Posted by: bbannan | April 11, 2012

Innovation and Mash Up User Testing – Tangier

Not every project is the same, not everyone perceives an event the same.  Kuniavsky expands upon this level of thinking in chapter 16 where he summarizes all of the different methods of usability testing found throughout the book but then gives us the freedom to go out and ‘try what works’.  Every situation is different, thus following a prescribed process everytime will not produce the desired outcome.  We must not be hesitant to step outside the usability testing box in order to get the best possible results and feedback.  Innovation doesn’t come from doing the same thing, the same way over and over again, it comes  from the willingness to fly by the seat of your pants sometimes until you reach the end goal with a product or website that is used and liked by your audience.

Kuniavsky delves deeper into how you can make these tests fit your research.  If you want to do a focus group but the participants aren’t likely to be in the same physical room?  Then you should consider virtual focus groups using a conference call line or online virtual meeting room.  The concept of nominal and friction groups is also introduced in this chapter.  Both methods are a mashup of focus groups with a different take on how it’s conducted.  In the case of nominal groups, participants are required to provide a written comment on the product or service being evaluated before they join the focus group.  Providing their written comments reduces the chance of a dominate member swaying everyone’s opinions and ‘group think’ taking over (Kuniavsky, 2003).  Friction groups ensure that there will be a healthy amount of discussion and all possible options would most likely be touched on by choosing participants based on a single differentiating factor.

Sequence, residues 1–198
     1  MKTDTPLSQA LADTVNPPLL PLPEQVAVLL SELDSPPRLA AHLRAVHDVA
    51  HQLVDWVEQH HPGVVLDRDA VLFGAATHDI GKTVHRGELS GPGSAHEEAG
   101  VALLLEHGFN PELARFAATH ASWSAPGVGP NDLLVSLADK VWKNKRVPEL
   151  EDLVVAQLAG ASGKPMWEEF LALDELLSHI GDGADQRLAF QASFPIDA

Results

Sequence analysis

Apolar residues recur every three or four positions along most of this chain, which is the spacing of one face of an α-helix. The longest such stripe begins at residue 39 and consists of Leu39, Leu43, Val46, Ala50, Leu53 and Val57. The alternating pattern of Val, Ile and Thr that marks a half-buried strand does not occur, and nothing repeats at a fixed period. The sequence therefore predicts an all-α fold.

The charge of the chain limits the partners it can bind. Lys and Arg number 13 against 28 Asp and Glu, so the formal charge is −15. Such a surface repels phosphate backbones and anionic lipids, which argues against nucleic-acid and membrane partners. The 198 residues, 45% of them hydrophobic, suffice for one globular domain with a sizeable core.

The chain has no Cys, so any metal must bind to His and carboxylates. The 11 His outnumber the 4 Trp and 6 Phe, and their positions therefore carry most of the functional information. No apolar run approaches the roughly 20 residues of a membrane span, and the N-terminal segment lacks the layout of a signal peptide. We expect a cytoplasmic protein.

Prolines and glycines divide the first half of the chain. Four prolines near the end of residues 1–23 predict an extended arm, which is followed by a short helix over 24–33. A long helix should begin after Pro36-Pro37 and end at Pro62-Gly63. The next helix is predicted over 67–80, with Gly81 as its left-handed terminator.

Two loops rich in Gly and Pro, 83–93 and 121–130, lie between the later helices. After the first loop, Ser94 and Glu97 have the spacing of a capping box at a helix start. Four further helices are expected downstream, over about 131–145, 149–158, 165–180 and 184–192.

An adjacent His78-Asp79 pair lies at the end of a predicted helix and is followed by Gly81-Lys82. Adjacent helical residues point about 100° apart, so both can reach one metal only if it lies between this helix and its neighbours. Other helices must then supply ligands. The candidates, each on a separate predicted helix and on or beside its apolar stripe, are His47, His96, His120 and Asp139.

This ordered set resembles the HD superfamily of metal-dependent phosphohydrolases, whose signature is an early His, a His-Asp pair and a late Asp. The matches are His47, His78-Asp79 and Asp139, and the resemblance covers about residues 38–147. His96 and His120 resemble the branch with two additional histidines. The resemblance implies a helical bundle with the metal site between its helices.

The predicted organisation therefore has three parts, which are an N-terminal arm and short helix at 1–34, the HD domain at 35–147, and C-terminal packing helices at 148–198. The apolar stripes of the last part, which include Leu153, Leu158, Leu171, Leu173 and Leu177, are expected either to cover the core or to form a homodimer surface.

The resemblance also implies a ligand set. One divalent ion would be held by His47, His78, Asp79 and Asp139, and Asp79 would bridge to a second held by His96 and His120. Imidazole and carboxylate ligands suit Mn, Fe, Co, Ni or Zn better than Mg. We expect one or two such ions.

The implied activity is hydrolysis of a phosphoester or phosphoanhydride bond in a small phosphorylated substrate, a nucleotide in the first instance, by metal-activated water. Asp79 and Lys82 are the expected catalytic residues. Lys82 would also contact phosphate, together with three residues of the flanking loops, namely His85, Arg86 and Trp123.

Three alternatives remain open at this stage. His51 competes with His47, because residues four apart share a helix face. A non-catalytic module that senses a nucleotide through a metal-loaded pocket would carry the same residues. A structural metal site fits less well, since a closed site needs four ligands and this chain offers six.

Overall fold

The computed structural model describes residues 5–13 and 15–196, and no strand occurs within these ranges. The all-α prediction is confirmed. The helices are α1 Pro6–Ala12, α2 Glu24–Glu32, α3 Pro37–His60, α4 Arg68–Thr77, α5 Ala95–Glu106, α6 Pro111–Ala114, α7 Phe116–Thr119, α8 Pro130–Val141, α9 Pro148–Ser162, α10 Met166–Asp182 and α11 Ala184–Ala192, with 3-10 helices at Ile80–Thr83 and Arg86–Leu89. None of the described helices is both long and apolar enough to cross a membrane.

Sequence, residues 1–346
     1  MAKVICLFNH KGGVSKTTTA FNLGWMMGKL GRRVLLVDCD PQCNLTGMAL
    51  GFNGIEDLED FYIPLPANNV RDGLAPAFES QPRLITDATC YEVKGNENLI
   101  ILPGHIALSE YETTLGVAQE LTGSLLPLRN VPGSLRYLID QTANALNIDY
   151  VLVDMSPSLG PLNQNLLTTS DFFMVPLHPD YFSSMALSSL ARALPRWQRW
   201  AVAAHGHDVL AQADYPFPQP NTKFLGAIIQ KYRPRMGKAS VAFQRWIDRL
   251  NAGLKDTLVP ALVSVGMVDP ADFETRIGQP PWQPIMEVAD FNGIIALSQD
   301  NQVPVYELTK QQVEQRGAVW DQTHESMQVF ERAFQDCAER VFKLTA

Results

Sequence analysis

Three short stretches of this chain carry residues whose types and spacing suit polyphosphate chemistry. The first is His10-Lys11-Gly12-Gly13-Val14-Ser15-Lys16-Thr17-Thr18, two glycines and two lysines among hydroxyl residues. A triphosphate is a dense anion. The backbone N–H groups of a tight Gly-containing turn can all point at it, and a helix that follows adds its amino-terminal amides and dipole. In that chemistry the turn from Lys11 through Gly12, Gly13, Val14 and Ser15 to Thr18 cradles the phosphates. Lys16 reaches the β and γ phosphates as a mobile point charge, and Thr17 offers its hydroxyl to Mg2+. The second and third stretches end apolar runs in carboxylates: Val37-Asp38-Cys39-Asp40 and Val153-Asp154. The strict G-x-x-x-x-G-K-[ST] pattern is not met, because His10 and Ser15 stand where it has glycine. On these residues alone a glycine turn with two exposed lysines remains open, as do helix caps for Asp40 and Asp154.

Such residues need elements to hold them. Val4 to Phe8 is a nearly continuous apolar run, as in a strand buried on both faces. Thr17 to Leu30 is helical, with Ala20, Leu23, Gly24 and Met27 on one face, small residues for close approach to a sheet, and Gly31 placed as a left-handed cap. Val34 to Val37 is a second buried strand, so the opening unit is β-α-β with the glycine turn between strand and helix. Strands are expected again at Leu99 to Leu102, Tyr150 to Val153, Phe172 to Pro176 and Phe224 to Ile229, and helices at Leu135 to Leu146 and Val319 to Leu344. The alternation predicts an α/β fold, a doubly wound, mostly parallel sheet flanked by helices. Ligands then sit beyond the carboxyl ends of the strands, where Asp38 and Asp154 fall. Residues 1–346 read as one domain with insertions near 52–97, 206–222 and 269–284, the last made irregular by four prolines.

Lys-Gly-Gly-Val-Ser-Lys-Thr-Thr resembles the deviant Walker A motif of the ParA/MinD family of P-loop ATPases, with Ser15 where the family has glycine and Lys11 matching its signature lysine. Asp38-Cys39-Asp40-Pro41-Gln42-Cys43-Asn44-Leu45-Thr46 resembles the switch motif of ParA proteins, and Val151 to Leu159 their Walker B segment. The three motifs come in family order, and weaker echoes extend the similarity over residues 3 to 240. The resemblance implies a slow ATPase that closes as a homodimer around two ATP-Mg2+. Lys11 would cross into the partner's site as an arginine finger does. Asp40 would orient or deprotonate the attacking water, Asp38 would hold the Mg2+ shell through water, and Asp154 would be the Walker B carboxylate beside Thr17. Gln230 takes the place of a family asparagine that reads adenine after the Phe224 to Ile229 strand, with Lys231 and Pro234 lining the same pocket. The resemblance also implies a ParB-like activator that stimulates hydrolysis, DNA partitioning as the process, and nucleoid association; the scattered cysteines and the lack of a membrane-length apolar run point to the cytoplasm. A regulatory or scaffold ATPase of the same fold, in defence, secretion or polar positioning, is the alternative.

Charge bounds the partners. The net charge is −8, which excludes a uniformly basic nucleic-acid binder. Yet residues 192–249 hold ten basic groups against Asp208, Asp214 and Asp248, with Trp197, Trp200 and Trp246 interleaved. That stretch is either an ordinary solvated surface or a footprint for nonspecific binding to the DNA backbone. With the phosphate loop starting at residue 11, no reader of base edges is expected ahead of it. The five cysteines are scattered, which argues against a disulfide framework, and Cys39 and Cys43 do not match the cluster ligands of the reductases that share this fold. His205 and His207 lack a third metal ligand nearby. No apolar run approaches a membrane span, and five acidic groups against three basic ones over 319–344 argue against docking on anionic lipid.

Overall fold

Eye tracking and parallel research are also two alternative methods for user testing.  Eye tracking literally tracks the movements of the center of the eye to see where on a website the user gaze stays the longest.  It can reveal the best placement for advertisements, text and anything else you wish to know in order to place important information where it will be seen by the most amount of people.  Parallel research is an interesting method, it basically has two separate research teams working with the same data set but using different methods for usability testing and analysis.  This method cuts down on bias throughout each phase of the research process by running research in two different ways.  It can add confidence to your results if the concurrent research projects provide similar outcomes.